Minnesota's THC beverage sales provisions make it one of the more intriguing markets in the United States, according to Stieber. "There remains much to be hammered out, but one could make a convincing argument that Minnesota could be the first state in the country to have a clear path to permitting sales of THC beverages at stadiums and concert venues," he says.
With an appropriate endorsement, it's possible that lower-potency hemp edible (LPHE) retailers could allow on-site product consumption and won't be bound by the same access requirements as a fully licensed cannabis retailer. So, Stieber says, he envisions the possibility for a stadium to apply for and operate an LPHE retailer license in the near future, which could significantly expand the market for cannabis products.
Marketing Restrictions & Requirements
The new legislation will likely significantly impact how low-potency hemp edible businesses are marketed, as they will be held to the same standards applied to cannabis businesses. Both groups must make sure that all marketing materials are above board. For example, Stieber says brands must avoid making false statements, unverified health claims or encouraging overconsumption. Companies need to be extremely careful not to produce any marketing material that could appeal to minors, so no cartoons.
Marketing beverages outside of dispensaries is an entirely different game, but cannabis beverage makers could be reticent to adopt traditional capital-intensive marketing pushes that have been successful in the consumer packaged goods (CPG) industry.
"Dispensary marketing is all about ground game and personal relationships with shops from management down to budtender personnel," says Dan Grim, CEO and founder of California-based Good Stuff Manufacturing. "Marketing in the real world opens up a slew of marketing opportunities that we don't currently deploy in the dispensaries."
A new Farm Bill could pose another obstacle for risk-averse marketers. Grim says a revised federal Farm Bill could come within six to 24 months and upend the market. "Running a traditional, capital-intensive CPG playbook makes even less sense because of the additional risk," Grim says. "This world is swirling with opportunity, but also a potential expiration date."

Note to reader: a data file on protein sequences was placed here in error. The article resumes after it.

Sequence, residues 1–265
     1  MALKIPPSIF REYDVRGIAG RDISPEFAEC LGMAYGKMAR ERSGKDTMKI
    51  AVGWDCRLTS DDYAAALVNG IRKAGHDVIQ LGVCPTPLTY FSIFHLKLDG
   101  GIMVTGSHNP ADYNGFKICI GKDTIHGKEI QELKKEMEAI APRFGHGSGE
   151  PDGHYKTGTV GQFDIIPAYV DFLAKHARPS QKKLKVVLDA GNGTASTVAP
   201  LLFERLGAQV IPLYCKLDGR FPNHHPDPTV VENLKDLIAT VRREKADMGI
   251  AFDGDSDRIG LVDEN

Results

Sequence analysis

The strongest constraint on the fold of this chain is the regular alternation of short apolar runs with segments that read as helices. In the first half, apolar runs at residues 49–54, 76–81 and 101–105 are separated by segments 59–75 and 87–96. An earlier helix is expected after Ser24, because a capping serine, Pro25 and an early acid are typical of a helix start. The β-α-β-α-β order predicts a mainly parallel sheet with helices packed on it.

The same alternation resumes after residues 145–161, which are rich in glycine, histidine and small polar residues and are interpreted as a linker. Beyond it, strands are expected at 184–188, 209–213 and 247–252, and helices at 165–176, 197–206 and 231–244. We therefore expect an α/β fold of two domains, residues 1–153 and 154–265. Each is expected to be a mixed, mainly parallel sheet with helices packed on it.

Potential, Expectations Remain High
Many industry insiders believe cannabis beverages remain an undervalued and underexposed product category. Beverages are typically lumped into the edibles category, including gummies and chocolates. Collectively, the products only accounted for about 11% of sales in 2021, according to Flowhub. However, according to Headset, beverage sales did grow by 10% in 2022, which they attribute to changing consumer behavior that has seen increasing interest in edibles, vapes and pre-rolls, with significant drops in tinctures, topicals, flower and capsules.
"Cannabis beverages have the potential to surpass alcohol sales if we overcome the existing stigmas and access limitations," Sobral adds. "Drinking is normalized across society, and the cannabis beverage experience will destigmatize cannabis far quicker than inhaling it will."
According to the Distilled Spirits Council, liquor sales totaled $37.6 billion in 2022, and the Brewers Association says beer did an estimated $28.46 billion in sales last year.
Sobral says a large part of the opportunity in Minnesota is not just the ability to sell cannabis alongside alcohol but the distribution – cannabis beverages can come in on the same trucks.
"Minnesota continues to be the cannabis beverage community's hero," adds Grim. "Their legislation is allowing the industry to prove out a radical hypothesis: We can regulate cannabis beverages similar to alcohol without the need for the overregulation that is cutting off consumer access and creating onerous business environments."
As Minnesota sets the new standard for adult-use legalization, other states are likely monitoring it closely, hoping to replicate its successes. If and when copycat states come online, the opportunities for beverage manufacturers will multiply.
"When that day comes [if other states follow suit], we will be well-prepared to meet the overwhelming consumer demand. By staying ahead of the curve, adapting to evolving regulations, and anticipating market shifts, we position ourselves as industry leaders ready to provide exceptional cannabis beverage experiences to a broad audience," Sobral concludes. "The path to success lies in our ability to seize these opportunities and create a lasting impact in the evolving landscape of the beverage industry."